Putting the ugly vibe aside, Looper is completely thrilling, and certainly swings for the fences consistently, not satisfied with coasting on an interesting premise as Bruce Willis’ 2009 disappointment of a movie Surrogates did. Then again, neither is he the focus of the movie; Joseph Gordon-Levitt’s character completely and utterly in charge of every scene, channeling perfectly the swagger of young Bruce Willis. His own performance is considerably more tempered – with some reason, considering he plays a hitman in retirement. Both actors, of course, play Joe, a Looper, whose job is executing people sent to be disposed of from the future. When the future iteration of the crime organization Joe works for begins sending back the older versions of the loopers themselves to be disposed of, the young Joe becomes concerned. His fears are realized, when arriving at the location of his next murder, he is confronted with his older self. His moment of hesitation gives his future self time to escape the scene, leaving Joe in a disastrous position. The mafia is, naturally, displeased, and looks to dispose of both of the iterations of their former employee. As Joe seeks refuge with Emily Blunt’s character Sara, a single mother living on a farm, the young family’s seemingly idyllic, though simultaneously twisted lives are thrown into disarray too.

The performances in the film are great across the board. The before-mentioned actors all do their jobs, which is a tall order on its own. Even the supporting cast, however, shine in their scenes – Paul Dano, who has played to my mind exclusively likable characters in the past, is perfectly despicable throughout. Jeff Daniels as the boss is, as any terrifying father figure must be, simultaneously instantly amiable, and bone-chillingly cruel. Even the young Pierce Gagnon shows surprising range at the age of 5. All this is also in large part to the credit of writer-director Rian Johnson. The largely independent filmmaker’s writing really shines in the dialogue, as well as in concisely stating his overarching themes both through words and visuals.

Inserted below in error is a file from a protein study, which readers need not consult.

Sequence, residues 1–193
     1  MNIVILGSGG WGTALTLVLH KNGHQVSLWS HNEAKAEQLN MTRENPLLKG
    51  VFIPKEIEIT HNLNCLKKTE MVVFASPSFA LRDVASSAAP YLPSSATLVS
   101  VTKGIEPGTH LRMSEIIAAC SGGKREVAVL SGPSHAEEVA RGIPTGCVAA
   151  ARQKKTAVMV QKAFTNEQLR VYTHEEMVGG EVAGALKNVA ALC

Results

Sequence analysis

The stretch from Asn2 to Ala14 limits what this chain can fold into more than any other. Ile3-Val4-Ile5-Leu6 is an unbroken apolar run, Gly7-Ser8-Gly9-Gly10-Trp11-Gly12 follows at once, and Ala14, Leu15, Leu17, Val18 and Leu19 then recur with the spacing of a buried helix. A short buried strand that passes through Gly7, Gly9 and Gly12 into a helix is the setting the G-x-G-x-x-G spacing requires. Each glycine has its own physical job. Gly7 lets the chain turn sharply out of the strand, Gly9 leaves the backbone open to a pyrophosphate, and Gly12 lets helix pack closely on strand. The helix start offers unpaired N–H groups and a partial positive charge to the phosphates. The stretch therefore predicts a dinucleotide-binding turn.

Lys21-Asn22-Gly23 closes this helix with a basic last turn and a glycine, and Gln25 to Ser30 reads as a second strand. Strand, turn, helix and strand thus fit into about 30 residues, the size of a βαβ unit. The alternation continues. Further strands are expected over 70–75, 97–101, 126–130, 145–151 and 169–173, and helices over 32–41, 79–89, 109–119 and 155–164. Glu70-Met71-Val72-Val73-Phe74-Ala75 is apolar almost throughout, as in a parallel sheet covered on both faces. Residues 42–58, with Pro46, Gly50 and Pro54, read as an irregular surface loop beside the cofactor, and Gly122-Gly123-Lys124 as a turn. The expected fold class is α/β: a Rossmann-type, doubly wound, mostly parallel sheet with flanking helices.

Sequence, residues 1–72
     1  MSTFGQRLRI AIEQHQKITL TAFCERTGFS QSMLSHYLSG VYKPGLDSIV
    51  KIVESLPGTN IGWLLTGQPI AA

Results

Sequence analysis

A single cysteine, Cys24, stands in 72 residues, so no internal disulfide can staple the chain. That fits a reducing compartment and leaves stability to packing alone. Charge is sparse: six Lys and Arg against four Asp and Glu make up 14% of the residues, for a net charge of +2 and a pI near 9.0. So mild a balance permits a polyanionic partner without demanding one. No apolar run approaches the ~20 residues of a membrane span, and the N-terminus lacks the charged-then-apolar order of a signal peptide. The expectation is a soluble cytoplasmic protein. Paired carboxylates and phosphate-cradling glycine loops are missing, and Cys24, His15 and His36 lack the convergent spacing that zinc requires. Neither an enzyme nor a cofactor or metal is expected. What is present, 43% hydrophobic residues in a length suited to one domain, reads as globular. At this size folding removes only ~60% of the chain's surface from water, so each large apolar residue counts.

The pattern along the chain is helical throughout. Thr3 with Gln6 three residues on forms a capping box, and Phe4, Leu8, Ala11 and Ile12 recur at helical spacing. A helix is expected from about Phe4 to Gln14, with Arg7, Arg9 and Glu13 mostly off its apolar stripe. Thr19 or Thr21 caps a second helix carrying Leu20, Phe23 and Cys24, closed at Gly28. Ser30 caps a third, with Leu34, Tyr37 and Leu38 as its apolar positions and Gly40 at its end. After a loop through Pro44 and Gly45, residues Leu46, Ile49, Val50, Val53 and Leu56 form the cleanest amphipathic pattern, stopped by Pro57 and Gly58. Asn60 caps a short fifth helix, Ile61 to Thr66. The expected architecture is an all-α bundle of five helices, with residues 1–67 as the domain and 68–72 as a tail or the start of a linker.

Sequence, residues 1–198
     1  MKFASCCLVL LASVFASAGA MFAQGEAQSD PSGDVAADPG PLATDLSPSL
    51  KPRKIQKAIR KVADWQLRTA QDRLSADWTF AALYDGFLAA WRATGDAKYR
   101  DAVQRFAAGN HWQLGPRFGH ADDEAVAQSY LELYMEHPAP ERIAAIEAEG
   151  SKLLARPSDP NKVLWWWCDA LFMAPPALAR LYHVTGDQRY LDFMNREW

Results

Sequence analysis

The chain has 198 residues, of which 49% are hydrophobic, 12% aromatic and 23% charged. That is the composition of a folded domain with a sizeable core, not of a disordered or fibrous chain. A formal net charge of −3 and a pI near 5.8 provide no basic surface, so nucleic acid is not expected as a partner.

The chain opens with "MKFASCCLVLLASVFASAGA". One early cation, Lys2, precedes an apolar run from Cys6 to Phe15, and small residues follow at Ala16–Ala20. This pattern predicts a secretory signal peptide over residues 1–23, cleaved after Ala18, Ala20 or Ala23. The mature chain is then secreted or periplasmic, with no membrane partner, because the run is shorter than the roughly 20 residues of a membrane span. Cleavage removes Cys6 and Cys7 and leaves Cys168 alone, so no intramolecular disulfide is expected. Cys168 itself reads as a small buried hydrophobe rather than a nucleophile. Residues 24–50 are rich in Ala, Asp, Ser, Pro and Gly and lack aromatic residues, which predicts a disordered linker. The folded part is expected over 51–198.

The director has stated numerous times that the movie is about the notion of fixing a problem by finding the right person and killing them. Johnson unflinchingly takes us through to the logical outcome of both a character who has based his life around that policy, and the culture which in the movie seems to have adopted the idea wholeheartedly. Violence, of course, begets more violence, and some of the parts of the movie are beyond shocking (a certain scene of retroactive mutilation is particularly hard to shake).

If you are a fan of innovative science-fiction which is about something more than special effects, while simultaneously being completely thrilling, see Looper at once. Consider yourselves warned, however – if you are the type of person who cannot stand movie violence and simply would prefer to keep that out of their world, hey, it’s ok. We understand. Just be prepared to not understand half of what the rest of us talk about for the rest of the year.



Unbreakable (film)

Unbreakable (film) (Photo credit: Wikipedia)

The concept behind Unbreakable is brilliant, as is so often the case with M. Night Shyamalan films, whereas the execution is so mediocre it’s tough to believe. Shyamalan seems to fall into that distinctive decade of films in the 90s where movies where striving for realism and grittiness in their looks. Most of the time, however, they were simply dark, bleak, and uninteresting to look at. It’s disappointing that probably the most unique take on the superhero genre in cinema falls so flat due to stylistic choices. It’s hard to believe that it would not have looked dated even in 2000, when it came out.

Unbreakable is set against the background of comics, as evidenced by statistics of comic book readership during the opening of the film. All this is interesting, and indeed some of the dialogue about comics and their tropes is very enjoyable (and falls well in a great tradition of comic book dialogue in movies). This can only serve to appease comic book fans, however. Mr Glass’s character’s obsession with comics will be misunderstood by most viewers, and the fact that the film itself treats it as psychopathic is unfortunate.